This was all well and good, but why? Why does this work?

“I actually can’t remember,” I told them, and we consulted the internet.

Thank you, Vi Hart, for explaining it so well! We spent the rest of the afternoon testing out triangles and watching more math videos.


In a similar vein, Clem’s project has begun to bloom into a meditation on the intersections of rote memorization and figure drawing. She is testing out the hypothesis that learning about the structures of anatomy will make her a better illustrator of humans. She began by doing a drawing of arms and hands, and is now taking the time to study the bones and muscles that make up the body parts found in her drawing. Then at the end of the study, she will draw the same composition again and compare the two.

We usually don’t explicitly memorize things for the sake of memorizing things, so when Clem came to me one morning this week and asked me to witness her testing herself, it felt a little strange.


Nonetheless, we sat in the dining room and went through the names and correct spelling of the bones that make up the wrist. With this simple activity came a whole discussion about memorization tactics, strategies for spelling words that you don’t have any idea how to pronounce, and also about the structural intricacies of wrist bones. This conversation quickly shifted into a discussion about short-term and long-term memory, and after Clem asked if I would re-test her right then, I then told her to give it a rest and move on to something else.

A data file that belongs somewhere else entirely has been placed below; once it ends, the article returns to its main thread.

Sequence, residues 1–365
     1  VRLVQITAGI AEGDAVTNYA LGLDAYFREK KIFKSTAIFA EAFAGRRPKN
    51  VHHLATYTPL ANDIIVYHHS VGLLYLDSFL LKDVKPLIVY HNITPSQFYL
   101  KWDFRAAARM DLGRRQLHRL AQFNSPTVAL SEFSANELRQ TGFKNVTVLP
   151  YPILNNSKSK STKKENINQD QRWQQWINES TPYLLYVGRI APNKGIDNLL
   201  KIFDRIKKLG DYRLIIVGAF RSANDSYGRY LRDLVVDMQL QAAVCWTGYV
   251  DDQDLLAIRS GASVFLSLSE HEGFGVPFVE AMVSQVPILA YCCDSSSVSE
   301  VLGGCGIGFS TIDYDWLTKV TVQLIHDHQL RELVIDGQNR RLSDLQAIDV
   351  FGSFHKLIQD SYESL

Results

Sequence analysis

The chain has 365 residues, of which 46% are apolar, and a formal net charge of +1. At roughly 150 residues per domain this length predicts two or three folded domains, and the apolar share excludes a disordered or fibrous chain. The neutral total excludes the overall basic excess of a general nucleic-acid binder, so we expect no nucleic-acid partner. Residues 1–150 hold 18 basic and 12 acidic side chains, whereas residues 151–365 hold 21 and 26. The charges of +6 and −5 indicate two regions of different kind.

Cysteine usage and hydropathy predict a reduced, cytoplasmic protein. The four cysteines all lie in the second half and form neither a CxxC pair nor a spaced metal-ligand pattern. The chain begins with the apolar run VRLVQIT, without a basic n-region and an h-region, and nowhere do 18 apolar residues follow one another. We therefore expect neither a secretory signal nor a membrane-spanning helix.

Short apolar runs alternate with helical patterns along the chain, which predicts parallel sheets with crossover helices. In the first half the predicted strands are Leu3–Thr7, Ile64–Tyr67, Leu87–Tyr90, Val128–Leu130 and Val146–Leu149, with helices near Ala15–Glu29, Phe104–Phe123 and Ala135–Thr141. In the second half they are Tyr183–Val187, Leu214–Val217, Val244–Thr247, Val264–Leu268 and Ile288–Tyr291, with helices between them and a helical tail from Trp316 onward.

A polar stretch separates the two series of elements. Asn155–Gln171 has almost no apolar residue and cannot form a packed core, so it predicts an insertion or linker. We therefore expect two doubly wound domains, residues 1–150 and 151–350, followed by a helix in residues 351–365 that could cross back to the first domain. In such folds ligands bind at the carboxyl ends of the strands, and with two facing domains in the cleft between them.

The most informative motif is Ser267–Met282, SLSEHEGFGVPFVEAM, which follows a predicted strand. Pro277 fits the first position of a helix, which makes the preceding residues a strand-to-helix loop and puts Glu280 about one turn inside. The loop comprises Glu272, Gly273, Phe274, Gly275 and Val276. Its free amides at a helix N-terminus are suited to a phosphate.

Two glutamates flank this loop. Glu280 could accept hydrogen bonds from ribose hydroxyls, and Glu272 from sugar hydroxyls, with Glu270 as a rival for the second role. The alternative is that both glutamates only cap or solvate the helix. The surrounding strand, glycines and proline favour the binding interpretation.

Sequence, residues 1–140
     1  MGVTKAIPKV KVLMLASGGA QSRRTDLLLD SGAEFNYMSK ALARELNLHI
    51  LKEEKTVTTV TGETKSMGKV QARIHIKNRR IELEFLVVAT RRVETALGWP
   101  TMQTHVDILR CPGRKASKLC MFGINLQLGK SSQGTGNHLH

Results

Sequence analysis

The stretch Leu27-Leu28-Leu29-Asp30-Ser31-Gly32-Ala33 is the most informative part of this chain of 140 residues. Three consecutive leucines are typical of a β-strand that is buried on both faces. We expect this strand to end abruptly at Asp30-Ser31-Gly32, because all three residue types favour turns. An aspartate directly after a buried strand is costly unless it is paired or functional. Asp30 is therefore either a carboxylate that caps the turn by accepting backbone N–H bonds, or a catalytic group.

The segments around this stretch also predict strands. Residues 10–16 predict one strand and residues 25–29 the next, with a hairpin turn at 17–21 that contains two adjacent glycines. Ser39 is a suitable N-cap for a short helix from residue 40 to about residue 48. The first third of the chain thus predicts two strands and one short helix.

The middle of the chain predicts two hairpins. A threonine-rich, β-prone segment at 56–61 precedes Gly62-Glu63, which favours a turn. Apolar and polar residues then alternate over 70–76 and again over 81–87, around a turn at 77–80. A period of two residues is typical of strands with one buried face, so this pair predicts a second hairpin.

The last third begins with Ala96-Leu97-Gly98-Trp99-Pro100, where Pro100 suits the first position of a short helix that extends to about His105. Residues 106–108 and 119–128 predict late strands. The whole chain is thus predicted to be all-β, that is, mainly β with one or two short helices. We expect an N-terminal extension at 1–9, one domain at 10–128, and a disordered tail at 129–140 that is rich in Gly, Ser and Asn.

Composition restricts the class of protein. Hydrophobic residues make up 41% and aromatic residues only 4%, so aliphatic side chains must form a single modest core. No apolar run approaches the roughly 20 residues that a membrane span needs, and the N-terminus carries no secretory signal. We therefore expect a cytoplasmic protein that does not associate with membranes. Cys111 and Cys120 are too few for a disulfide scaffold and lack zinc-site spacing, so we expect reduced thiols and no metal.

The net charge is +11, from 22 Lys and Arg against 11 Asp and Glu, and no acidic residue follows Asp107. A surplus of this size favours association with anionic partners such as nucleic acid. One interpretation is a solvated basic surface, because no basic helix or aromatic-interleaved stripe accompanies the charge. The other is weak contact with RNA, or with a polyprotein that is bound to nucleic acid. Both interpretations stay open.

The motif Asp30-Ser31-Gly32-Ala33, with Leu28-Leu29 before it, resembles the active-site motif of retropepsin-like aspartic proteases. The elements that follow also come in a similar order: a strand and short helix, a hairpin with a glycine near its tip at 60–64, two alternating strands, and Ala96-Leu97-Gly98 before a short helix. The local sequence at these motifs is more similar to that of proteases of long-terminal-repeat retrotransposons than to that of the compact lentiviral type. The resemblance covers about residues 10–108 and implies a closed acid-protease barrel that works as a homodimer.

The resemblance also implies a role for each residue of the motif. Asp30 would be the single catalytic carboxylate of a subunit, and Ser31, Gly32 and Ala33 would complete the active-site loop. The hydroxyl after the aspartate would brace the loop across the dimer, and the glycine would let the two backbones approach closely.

“I think our brains work the same,” I told her. “Go draw for a bit and come back to this.”

She said no, that she had started making the quiz for the next part of the hand and since earlier in the week I taught her how to use the photocopier, she wanted to prep her testing materials.


(Well, imagine that — excitement about testing!)

Happy Friday, everyone!

Blue: Declare Your Project


During one of our closing circles last week, one of the Blue Banders raised his hand to share an appreciation with the school. “I want to appreciate Amanda for turning our Declaration writing into a game! It’s helped us all make better Declarations!”